An Impartial Witness
World War I nurse Bess Crawford returns in her second outing in this new series by Charles Todd, pseudonym for a mother-son writing team who pen the Inspector Ian Rutledge series. While Rutledge deals with the aftermath of the Great War, Bess is in its midst. On leave in England to shepherd injured soldiers to a convalescent home, she recognizes the wife of one of her patients at the railway station—with a man who is not her husband. When the woman is murdered, Bess realizes she was one of the last people to see her alive. As in her first outing, Bess feels compelled to seek the truth, on behalf of her patient, who dies of grief, and his dead wife.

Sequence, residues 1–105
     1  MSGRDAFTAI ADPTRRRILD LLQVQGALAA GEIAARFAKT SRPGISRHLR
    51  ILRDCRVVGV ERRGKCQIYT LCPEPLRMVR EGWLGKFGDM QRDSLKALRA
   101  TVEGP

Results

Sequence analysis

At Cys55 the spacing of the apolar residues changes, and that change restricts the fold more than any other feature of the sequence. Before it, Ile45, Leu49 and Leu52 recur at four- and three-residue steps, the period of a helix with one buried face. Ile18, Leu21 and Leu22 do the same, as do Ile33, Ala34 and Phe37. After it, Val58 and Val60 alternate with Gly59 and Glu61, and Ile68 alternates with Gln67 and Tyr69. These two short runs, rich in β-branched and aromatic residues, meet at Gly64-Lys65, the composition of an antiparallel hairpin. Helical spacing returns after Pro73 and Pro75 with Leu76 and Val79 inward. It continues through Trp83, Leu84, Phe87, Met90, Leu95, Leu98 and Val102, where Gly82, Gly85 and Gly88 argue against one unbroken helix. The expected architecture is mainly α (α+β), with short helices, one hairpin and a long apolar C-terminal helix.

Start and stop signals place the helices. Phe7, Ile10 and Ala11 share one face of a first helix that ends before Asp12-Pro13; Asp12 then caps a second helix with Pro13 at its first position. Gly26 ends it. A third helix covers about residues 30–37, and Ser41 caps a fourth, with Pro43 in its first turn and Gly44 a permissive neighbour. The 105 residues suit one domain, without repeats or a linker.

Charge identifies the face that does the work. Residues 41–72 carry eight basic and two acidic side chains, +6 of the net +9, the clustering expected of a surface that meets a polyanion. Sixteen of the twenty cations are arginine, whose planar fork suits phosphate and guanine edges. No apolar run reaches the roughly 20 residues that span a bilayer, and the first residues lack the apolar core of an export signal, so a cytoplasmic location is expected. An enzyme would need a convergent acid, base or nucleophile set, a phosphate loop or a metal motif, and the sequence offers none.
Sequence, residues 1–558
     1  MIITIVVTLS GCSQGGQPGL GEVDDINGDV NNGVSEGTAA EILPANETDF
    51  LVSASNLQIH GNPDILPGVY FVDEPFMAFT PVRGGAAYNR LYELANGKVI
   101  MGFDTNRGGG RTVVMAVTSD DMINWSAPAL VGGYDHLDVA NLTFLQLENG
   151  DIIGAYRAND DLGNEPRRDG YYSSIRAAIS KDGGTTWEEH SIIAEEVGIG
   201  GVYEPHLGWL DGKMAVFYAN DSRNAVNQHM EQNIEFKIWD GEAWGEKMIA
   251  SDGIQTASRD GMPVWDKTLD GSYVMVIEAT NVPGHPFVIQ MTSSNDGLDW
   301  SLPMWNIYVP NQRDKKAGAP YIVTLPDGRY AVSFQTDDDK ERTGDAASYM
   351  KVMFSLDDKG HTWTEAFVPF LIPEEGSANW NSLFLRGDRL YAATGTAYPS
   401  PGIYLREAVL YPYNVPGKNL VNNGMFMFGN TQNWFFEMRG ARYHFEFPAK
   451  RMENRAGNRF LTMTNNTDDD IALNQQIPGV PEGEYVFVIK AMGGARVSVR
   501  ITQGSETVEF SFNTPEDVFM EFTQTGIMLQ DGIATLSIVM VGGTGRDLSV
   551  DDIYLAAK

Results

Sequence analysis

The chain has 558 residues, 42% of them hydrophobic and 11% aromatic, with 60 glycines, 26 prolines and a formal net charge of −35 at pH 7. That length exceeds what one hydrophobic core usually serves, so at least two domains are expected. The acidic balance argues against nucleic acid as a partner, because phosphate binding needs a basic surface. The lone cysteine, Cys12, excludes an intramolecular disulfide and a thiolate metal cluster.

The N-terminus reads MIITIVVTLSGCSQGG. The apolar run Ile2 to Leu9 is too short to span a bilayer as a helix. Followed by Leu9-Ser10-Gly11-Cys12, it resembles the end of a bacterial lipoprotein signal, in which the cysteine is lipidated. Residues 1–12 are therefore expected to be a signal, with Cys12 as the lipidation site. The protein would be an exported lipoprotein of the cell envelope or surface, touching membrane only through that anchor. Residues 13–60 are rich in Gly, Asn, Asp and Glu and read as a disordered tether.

Todd’s mysteries are far from British cozies. Bess sees death in her field hospital in France, and home in England, on precious leave, she sacrifices time with her family to prevent an innocent man from being unjustly hung. What I appreciate about the Rutledge mysteries holds equally true in this new series—war touches everyone, not just those serving at the front. By the same token, Bess’s investigations reveal that life goes on during wartime; jealousies and fears still exist, and shared sacrifices do not confer sainthood.